“I don’t want to sound like a pussy, but she’s just straight up mean to me sometimes.” My coaching client Daryl* was telling me about his wife.

“Mean? Like how?” I asked.

“I ask her questions and she just shuts me down. I try to be helpful and she counters with an attack. I talk about what I’d like to do and she just dismisses me. This sh-t really pisses me off,” he continued.

“So what do you do?” I stayed on him.

There was a pause.

“Well…nothing really. I try to just ‘cowboy up’ and brush it off. I try not to let it get to me,” he said a bit proudly.

“You mean you ignore it? You tolerate it?” I asked.

“Well, I don’t know. I just figured that’s what I’m supposed to do. I’m supposed to be the bigger person here. I’m supposed to not get sucked into her drama, right? I’m supposed to be the guy that has it all together,” he justified, but even he didn’t sound convinced.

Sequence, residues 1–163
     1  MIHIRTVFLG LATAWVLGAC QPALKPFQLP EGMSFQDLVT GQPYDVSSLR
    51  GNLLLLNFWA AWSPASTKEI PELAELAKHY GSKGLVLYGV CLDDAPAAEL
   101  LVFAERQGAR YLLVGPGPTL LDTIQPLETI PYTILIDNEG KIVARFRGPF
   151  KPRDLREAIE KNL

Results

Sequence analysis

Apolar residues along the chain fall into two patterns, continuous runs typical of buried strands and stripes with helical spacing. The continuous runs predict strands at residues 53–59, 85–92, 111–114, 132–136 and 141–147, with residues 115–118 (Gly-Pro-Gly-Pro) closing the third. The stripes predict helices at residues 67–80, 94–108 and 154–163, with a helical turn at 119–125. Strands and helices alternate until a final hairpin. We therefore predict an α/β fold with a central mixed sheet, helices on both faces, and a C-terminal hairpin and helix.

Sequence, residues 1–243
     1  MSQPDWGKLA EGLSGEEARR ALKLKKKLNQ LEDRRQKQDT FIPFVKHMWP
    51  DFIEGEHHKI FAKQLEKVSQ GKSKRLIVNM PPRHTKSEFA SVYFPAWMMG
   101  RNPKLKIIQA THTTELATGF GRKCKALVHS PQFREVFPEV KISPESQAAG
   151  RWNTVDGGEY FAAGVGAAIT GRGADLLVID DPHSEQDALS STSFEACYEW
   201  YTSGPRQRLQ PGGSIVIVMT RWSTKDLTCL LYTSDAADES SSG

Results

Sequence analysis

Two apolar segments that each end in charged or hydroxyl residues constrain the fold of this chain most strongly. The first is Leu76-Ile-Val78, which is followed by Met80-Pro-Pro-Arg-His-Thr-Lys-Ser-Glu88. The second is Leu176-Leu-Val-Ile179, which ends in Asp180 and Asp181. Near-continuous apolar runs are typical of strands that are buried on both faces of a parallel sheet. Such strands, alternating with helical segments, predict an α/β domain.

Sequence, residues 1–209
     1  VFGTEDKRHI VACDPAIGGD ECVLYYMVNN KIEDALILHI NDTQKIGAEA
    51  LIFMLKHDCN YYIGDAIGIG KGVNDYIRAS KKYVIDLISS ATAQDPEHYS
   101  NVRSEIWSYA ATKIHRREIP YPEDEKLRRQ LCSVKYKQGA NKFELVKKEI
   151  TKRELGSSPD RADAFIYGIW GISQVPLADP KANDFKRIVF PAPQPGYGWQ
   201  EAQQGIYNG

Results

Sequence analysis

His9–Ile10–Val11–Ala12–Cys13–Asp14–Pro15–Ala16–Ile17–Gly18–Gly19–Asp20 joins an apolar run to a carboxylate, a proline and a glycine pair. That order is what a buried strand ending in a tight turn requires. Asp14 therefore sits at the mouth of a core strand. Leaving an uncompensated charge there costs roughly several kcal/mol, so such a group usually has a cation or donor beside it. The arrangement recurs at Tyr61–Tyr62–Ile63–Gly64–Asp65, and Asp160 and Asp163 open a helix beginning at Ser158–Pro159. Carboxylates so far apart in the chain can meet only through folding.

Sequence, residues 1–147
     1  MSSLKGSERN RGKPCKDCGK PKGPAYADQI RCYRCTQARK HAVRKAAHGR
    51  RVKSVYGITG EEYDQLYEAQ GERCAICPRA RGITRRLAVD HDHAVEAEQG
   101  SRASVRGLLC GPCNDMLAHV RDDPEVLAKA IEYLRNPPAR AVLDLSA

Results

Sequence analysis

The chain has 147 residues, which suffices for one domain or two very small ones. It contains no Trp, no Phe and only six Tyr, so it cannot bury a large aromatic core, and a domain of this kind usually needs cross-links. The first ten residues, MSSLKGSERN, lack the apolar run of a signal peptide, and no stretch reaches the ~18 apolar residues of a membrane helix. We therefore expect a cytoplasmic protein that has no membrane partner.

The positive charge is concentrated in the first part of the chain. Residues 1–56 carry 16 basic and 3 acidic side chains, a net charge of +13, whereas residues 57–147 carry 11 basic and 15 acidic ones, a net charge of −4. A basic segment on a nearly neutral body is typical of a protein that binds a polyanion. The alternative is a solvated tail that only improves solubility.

I was a little confused. “But when she says those things it actually hurts. Is that what you’re saying? Do you want to send her the signal that it’s okay to hurt you?”

Daryl sighed. “I don’t know. I feel like I’m doomed either way. If I admit that I’m hurt, I feel like a wimp. And if I get mad and lash back at her then we’re in a fight. And I don’t want that either,” he said sounding resigned.

I reflected back to him, “So on one hand you want to be tough — what you called ‘cowboy up’. But that involves letting her walk on you. And on the other hand you’re avoiding a fight by letting her treat you like a doormat.”

“Exactly,” he seemed a bit relieved just hearing it back like that.

“Does that sound tough to you?” I asked.

“No. No it doesn’t,” he replied.

Are You Giving the World Permission to Treat You Like a Doormat?

Daryl isn’t alone. There are a lot of us that are stuffing our feelings, especially our hurt and our anger. As boys we’re even taught that it was manly to do so. To ‘cowboy up’ in this case means to dismiss what we’re feeling and just suck it up.